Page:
At the Last Supper, Jesus’ time was at hand and He had completed His public preaching. Therefore, He sought to speak privately with His disciples. During this time, among other things, He taught them of their duty regarding brotherly love. Loving our brethren is considered a duty because Jesus commanded us to “love one another; as I have loved you, that ye also love one another.” (John 13:34) Jesus is God the Son and giving us a new commandment was well within the parameters of His authority (Matt 28:18). Yet this commandment was so not much a new mandate as it was an old commandment with a new standard appended.
In Matthew 22:39 we read, “Thou shalt love thy neighbour as thyself.” So, the concept of loving our brethren was not new. The difference was that humanity had now witnessed perfect love. Jesus’ command calls us to the highest path one could hope to travel. We are commanded to love each other as He loved us. John 15:13 says, “Greater love hath no man than this, that a man lay down his life for his friends.” And this is how Christ loved us. He loved us sacrificially.
Types of Love
In the English language, the word love is usually differentiated by the use of an adjective. (e.g. familial love, maternal love, erotic love, brotherly love) In New Testament Greek, however, there are multiple words for love that identify its various types.
Greek words for love:
1.) agape – is understood to be unconditional, divine love
2.) philia – is the type love one would have for a friend or comrade
3.) eros – romance and sexual desire are usually associated with this word
4.) storge – is best compared to the affectionate love felt for family members
(see: Greek words for love)
Love is Action
As Christians, we are enjoined to demonstrate love for our fellow Christians; it is a virtue we are called to display (Heb 13:1). This means taking action, not merely paying lip service to an ideal. It costs us nothing to say, “I love you” Conversely, a brother or sister in need must be helped in a very real way. Vain well-wishing, unaccompanied by any real assistance, is worthless (Jam 2:15-16). Not only are we called to show love with actions, we are expected to grow in this area continually (1 Thess 4:9-10). We are purified for this purpose (1 Pet 1:22) and our kind affection toward each other is revealed by taking initiative (Rom 12:10).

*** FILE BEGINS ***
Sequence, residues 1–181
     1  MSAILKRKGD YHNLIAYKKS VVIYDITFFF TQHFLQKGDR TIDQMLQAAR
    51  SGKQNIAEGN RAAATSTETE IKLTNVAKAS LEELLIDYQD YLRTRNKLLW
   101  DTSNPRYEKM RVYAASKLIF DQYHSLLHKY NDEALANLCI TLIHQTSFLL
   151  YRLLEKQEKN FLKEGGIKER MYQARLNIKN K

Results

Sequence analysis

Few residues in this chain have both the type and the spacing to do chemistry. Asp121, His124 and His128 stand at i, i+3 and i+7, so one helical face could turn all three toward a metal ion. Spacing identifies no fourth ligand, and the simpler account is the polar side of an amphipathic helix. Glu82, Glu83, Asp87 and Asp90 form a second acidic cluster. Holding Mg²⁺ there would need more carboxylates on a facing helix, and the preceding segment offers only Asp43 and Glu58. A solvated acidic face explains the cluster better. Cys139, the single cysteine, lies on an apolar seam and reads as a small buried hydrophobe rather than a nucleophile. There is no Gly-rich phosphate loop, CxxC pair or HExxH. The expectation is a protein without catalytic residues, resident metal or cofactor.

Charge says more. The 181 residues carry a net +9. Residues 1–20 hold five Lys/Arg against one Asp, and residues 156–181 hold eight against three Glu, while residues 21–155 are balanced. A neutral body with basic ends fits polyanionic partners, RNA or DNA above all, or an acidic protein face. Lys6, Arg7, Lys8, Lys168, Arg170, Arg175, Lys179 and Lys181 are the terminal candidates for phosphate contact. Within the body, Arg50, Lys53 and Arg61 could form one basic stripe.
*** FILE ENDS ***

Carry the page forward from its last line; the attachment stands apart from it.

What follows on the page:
The necessity of love in the Christian experience
Anyone who has known an unloving claimant to Christendom instinctively sees the contradiction. The truth is that all sincere claims to know or love God must be accompanied by Christ-like behavior and comportment (cf. 1Jn 4:7-8, 20-21). Christians may not always abide in beatific peace. Yet we are expected to show love and grow in that love for one another. One of the worst things we can do to our Christian witness is to be unloving to our fellow Christians.
Our love of our fellow Christians is an identifying mark. Prior to Jesus’ departure, He told the disciples, “By this shall all men know that ye are my disciples” (Jn 13:35) He did not leave them without love and companionship in their lives. His message clearly implied that they could know His love for them daily by showing it to each other. Jesus’ true followers are known by their love. The common love Christians have for each other is one of our greatest arguments for God’s existence and transformative power. We either prove or disprove our Christian discipleship by how we love one another; the student ought to be like the teacher.
Christ does not suggest but rather commands us to love one another. And we are not to possess just any type of love for our fellow Christians. Our Lord was very specific in His command. We are love as He loved and this is indeed a high standard.
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C. David Ragland, Jr.
October 31, 2015